Indiana Business Research Center, Kelley School of Business, Indiana University
Mansion or trailer, townhouse or ranch, most Hoosiers live in single-family homes. The decennial census taken in April 2000 provides detailed information on the physical and financial characteristics of housing in Indiana, such as the number of rooms and bedrooms, vehicles and telephones, value, and heating fuel. Indiana's overall housing inventory is the primary focus of this article and will likely cause the reader to learn more about local areas within the state. This information is available for every county, city, town, and township in the state on STATS Indiana in a series of 60-page profiles developed from a census file named Summary File 3.
Single or double (we don't mean cheeseburgers), trailer or apartment? Most housing in Indiana consists of single-family homes (see Table 1 and Figure 1).
Housing Units by Type: Indiana Compared to the Nation
|Types of Housing||Occupied Units||Distribution (%)||Persons Per Unit|
|3 to 4||87,490||3.74||4.65||1.92||2.29|
|5 to 9||100,118||4.29||4.57||1.90||2.12|
|10 to 19||71,043||3.04||3.90||1.81||2.01|
|20 to 49||42,958||1.84||3.28||1.57||1.95|
|50 or More||50,844||2.18||5.24||1.41||1.82|
|Boat, RV, Van, etc.||734||0.03||0.10||2.25||1.81|
Multi-Unit Housing: Indiana Compared to the U.S.
Still, 25 percent of Indiana's housing is apartments or mobile homes (571,117 such units). Most apartment dwellers are found in the metro areas of the state, with mobile home living more prevalent in southern Indiana (see Figure 2).
Mobile Home Share of All Housing Units by Township, 2000
Utility gas heats the majority of Hoosier (65 percent) and U.S. (51 percent) homes. Electricity is a distant second choice with a 22 percent share in Indiana and 30 percent share nationwide. Hoosiers use more bottled, tank, or LP gas (9 percent) than is used nationwide (7 percent), but less fuel oil or kerosine (3 percent) than the U.S. average of 9 percent (see Figure 3).
Fuel Used for Home Heating
|Fuel Type||Distribution (%)|
|Bottled, Tank, LP Gas||8.96||6.52|
|Fuel Oil, Kerosine, etc.||2.58||8.97|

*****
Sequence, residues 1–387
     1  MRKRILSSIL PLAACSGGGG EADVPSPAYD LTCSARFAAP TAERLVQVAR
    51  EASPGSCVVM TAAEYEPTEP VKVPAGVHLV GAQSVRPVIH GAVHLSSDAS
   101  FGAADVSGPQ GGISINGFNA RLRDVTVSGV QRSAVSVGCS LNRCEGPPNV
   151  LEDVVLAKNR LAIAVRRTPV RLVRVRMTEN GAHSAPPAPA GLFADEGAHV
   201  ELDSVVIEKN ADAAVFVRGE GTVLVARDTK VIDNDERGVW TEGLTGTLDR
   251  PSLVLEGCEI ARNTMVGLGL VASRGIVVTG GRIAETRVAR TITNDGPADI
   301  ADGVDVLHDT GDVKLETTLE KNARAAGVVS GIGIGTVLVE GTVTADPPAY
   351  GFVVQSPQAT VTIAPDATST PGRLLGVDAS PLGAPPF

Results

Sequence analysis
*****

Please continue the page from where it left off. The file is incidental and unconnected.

|Coal or Coke||0.09||0.14|
Most Hoosiers are homeowners—71 percent compared to 62 percent nationally.
Based on Census 2000, the median value of a home in Indiana is $94,300, compared
to $119,600 for the U.S. Of course, the median home value varies widely depending
on location, with median values as high as $625,000 in the Indianapolis area
(Crows Nest) and $390,600 in Northern Indiana
(Dune Acres) (see Table 2 and Figure 4).
Median Home Value in Indiana Cities and Towns
|Places with a Median Home Value of $150,000 or More||Places with a Median Home Value of $42,500 or Less|
|North Crows Nest||$598,200||$42,200||Bicknell|
|Woodlawn Heights||$232,500||$39,300||Switz City|
|Country Club Heights||$192,000||$36,300||Alton|
|St. John||$172,100||$34,700||State Line City|
Median Home Value by Township, 2000
Home values also vary with the race of the homeowner, with Asians (reporting one race) having the highest median value at $138,300 in Indiana and $199,300 nationally (see Figure 5).
Median Home Value by Race of Householder
With homes come mortgages, utilities, and taxes. In Indiana, 71 percent of specified owner occupied homes (see definition below) have a mortgage.
Specified owner occupied units:
Of those mortgaged homes, average monthly owner costs are $977. The mortgage is clearly the biggest financial load, since homeowners without a mortgage have average costs of only $280 a month. Indiana has a median yearly real estate tax of $868, compared to $1,334 in the U.S.